In 1880, the government of the Third Republic wanted to revive the 14 July festival. The campaign for the reinstatement of the festival had been underway for nearly a decade, sponsored by the notable politician Léon Gambetta and scholar Henri Baudrillant.On 21 May 1880, Benjamin Raspail proposed a law, signed by sixty-four members of government, to have “the Republic adopt 14 July as the day of an annual national festival”. There were many disputes over which date to be remembered as the national holiday, including 4 August (the commemoration of the end of the feudal system), 5 May (when the Estates-General first assembled), 27 July (the fall of Robespierre), and 21 January (the date of Louis XVI’s execution).The government decided that the date of the holiday would be 14 July, but it was still somewhat problematic. The events of 14 July 1789 were illegal under the previous government, which contradicted the Third Republic’s need to establish legal legitimacy. French politicians also did not want the sole foundation of their national holiday to be rooted in a day of bloodshed and class-hatred as the day of storming the Bastille was. Instead, they based the establishment of the holiday as a dual celebration of the Fête de la Fédération, a festival celebrating the one year anniversary of 14 July 1789, and the storming of the Bastille. The Assembly voted in favor of the proposal on 21 May and 8 June, and the law was approved on 27 and 29 June. The law was made official on 6 July 1880.
In the debate leading up to the adoption of the holiday, Senator Henri Martin, who wrote the National Day law,addressed the chamber on 29 June 1880:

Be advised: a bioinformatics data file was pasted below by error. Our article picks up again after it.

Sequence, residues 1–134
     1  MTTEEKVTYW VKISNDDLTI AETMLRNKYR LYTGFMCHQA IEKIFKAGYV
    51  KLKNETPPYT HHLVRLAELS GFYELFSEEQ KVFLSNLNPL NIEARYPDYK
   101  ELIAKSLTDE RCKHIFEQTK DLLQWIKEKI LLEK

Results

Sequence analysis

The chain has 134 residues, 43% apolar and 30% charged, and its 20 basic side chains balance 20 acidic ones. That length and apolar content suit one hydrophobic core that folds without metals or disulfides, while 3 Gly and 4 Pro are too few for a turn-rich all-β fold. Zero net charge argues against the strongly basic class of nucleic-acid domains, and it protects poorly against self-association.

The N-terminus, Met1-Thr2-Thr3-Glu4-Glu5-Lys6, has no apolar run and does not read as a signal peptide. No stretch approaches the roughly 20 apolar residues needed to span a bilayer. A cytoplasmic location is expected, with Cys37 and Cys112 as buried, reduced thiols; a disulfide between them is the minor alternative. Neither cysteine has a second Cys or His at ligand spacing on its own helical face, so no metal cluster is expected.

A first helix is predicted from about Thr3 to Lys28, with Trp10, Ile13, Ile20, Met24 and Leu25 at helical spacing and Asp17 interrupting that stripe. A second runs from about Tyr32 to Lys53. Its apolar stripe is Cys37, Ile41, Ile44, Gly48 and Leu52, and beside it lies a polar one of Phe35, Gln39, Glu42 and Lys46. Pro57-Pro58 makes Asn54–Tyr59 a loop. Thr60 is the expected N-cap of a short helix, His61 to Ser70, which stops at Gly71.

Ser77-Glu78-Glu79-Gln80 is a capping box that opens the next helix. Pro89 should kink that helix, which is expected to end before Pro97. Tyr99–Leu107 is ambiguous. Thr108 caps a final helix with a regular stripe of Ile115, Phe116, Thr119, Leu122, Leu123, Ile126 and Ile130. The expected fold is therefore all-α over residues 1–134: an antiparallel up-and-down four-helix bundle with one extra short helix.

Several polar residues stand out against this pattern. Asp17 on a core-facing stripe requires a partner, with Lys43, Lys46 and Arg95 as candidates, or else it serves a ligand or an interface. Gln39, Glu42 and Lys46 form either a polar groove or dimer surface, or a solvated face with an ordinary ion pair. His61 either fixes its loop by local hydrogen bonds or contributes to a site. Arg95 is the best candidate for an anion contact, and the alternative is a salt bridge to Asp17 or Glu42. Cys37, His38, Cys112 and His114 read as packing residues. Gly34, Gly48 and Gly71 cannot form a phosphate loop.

Do not forget that behind this 14 July, where victory of the new era over the Ancien Régime was bought by fighting, do not forget that after the day of 14 July 1789, there was the day of 14 July 1790 (…) This [latter] day cannot be blamed for having shed a drop of blood, for having divided the country. It was the consecration of the unity of France (…) If some of you might have scruples against the first 14 July, they certainly hold none against the second. Whatever difference which might part us, something hovers over them, it is the great images of national unity, which we all desire, for which we would all stand, willing to die if necessary.
Bastille Day Military Parade
The Bastille Day military parade is the French military parade that has been held on the morning of 14 July each year in Paris since 1880. While previously held elsewhere within or near the capital city, since 1918 it has been held on the Champs-Élysées, with the participation of the Allies as represented in the Versailles Peace Conference, and with the exception of the period of German occupation from 1940 to 1944 (when the ceremony took place in London under the command of General Charles de Gaulle); and 2020 when the COVID-19 pandemic forced its cancellation.The parade passes down the Champs-Élysées from the Arc de Triomphe to the Place de la Concorde, where the President of the French Republic, his government and foreign ambassadors to France stand. This is a popular event in France, broadcast on French TV, and is the oldest and largest regular military parade in Europe. In some years, invited detachments of foreign troops take part in the parade and foreign statesmen attend as guests
Smaller military parades are held in French garrison towns, including Toulon and Belfort, with local troops